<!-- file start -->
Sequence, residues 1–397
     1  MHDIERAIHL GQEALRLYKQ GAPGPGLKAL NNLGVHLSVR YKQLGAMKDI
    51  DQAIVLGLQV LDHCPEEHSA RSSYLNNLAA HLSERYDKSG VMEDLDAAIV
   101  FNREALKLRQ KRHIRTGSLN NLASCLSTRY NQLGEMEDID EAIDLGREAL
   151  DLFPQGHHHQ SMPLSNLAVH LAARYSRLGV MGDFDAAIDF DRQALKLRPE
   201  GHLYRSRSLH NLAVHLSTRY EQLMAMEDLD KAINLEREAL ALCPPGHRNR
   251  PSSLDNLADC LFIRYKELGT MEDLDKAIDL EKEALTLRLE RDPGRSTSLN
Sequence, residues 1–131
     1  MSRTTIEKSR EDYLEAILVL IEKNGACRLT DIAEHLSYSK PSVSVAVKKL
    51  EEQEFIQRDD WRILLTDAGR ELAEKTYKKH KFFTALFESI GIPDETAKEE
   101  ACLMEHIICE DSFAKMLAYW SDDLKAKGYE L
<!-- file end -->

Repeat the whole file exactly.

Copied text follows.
Sequence, residues 1–397
     1  MHDIERAIHL GQEALRLYKQ GAPGPGLKAL NNLGVHLSVR YKQLGAMKDI
    51  DQAIVLGLQV LDHCPEEHSA RSSYLNNLAA HLSERYDKSG VMEDLDAAIV
   101  FNREALKLRQ KRHIRTGSLN NLASCLSTRY NQLGEMEDID EAIDLGREAL
   151  DLFPQGHHHQ SMPLSNLAVH LAARYSRLGV MGDFDAAIDF DRQALKLRPE
   201  GHLYRSRSLH NLAVHLSTRY EQLMAMEDLD KAINLEREAL ALCPPGHRNR
   251  PSSLDNLADC LFIRYKELGT MEDLDKAIDL EKEALTLRLE RDPGRSTSLN
Sequence, residues 1–131
     1  MSRTTIEKSR EDYLEAILVL IEKNGACRLT DIAEHLSYSK PSVSVAVKKL
    51  EEQEFIQRDD WRILLTDAGR ELAEKTYKKH KFFTALFESI GIPDETAKEE
   101  ACLMEHIICE DSFAKMLAYW SDDLKAKGYE L